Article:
With this transition in mind I began allowing PR relationships to drop off and avoided pursuing new contracts that required ongoing pitching, so I could focus my time on the efforts that fit my new objective.

Maternity Leave for Solopreneurs

One of the first big worries I had was the concept of maternity leave. I’d heard many women talk about how important it was to have time away and often hear women discuss their desire to have had even more time away from work to bond with their baby. As a solopreneur I had no idea how to even begin to create that for myself since the majority of business efforts are really my own.

The first thing I did was search terms such as “maternity leave plan for solopreneurs” and “maternity leave for entrepreneurs,” and found few conversations on the topic. I began to really start stressing myself over the lack of resources believing that if there’s nothing out there then it must be unachievable.

I then began to approach entrepreneurs to find out how they were able to manage having a child while running a young business. I spent hours asking every question I could conceive of and taking in their tips to develop my own philosophies and ideas around how to handle it for myself.

The #1 thing they shared was that they never truly stopped working. Most took 1-2 weeks off completely and began working again as full time as possible soon after having the baby. While it’s possible to find help in the form of team members to take on projects, at the startup level it’s unlikely that there’s budget to hire a high-level employee similar to the owner to manage major business duties.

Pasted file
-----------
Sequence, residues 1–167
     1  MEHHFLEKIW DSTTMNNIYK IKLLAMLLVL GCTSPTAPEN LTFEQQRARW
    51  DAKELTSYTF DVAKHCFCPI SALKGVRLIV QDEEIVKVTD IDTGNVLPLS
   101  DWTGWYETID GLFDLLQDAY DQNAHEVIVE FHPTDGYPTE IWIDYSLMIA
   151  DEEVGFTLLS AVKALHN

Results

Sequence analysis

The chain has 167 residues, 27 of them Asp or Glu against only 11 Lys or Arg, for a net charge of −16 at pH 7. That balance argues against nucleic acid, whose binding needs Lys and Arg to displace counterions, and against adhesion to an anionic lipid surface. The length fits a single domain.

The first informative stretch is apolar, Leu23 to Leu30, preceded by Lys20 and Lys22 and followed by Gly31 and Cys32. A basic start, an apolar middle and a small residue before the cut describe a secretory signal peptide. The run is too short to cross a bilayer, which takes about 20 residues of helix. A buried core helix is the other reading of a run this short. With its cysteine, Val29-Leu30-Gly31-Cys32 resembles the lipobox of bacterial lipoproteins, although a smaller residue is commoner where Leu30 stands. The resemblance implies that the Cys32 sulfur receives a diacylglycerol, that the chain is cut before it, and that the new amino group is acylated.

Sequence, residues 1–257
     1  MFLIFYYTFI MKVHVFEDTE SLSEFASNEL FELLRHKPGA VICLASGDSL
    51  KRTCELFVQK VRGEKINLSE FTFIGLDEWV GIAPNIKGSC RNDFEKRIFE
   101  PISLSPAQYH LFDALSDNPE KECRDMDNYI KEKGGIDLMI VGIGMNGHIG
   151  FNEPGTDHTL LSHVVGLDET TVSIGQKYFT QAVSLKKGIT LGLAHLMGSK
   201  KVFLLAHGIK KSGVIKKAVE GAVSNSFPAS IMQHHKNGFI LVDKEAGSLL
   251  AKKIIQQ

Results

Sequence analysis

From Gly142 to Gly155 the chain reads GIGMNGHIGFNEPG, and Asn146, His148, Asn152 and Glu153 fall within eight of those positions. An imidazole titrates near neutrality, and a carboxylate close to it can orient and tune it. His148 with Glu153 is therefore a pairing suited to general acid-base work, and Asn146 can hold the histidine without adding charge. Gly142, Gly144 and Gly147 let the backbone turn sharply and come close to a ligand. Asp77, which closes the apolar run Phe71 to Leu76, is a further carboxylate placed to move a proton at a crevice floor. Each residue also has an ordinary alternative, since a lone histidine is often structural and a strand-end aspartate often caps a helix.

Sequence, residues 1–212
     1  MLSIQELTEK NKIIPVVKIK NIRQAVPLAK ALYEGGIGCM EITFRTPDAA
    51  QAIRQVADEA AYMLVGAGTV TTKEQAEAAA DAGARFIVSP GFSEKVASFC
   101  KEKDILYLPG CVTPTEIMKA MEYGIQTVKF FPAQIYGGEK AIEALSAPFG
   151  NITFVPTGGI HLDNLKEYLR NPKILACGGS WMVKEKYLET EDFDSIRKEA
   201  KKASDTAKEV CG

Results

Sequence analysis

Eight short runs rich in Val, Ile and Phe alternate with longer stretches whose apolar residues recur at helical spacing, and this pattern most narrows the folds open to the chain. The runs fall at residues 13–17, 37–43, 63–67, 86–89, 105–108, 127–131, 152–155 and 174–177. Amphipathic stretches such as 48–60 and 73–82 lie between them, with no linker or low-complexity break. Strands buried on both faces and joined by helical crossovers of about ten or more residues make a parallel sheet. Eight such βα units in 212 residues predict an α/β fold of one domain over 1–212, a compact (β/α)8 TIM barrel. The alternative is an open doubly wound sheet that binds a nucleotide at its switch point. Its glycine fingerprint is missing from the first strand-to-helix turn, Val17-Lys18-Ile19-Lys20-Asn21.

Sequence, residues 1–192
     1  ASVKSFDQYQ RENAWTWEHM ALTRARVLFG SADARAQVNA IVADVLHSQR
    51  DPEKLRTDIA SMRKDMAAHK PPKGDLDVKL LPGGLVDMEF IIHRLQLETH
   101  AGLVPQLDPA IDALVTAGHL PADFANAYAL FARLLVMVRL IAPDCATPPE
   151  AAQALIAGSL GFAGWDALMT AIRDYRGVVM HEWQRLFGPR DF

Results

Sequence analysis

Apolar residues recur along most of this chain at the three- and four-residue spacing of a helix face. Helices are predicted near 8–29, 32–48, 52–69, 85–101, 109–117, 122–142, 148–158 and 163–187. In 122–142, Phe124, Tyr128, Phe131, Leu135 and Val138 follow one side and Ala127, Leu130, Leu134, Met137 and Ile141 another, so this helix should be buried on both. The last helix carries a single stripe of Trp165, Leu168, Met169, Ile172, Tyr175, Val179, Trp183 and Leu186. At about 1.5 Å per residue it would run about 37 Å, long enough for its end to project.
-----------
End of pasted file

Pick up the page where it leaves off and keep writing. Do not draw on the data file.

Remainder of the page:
Soon after beginning my interviews I also found a podcast called “Startup Pregnant,” where guests discuss their journey leading a business while starting a family. One of the episodes featured an influencer I’ve followed and admired for years named Vanessa Van Edwards. Her business is big enough for her to not only hire her husband full-time, but also to have a team capable of running the business independently. During her interview she discussed her own challenges with the business during her transition and how she and her husband were forced to work within a week of bringing their baby home.

Eventually I gave up on the idea of having a corporate-style maternity leave and focused on creating as much space as possible to have the flexibility to work fewer hours and have time to care for my newborn.

What Real Life Looks Like for a Solopreneur Mom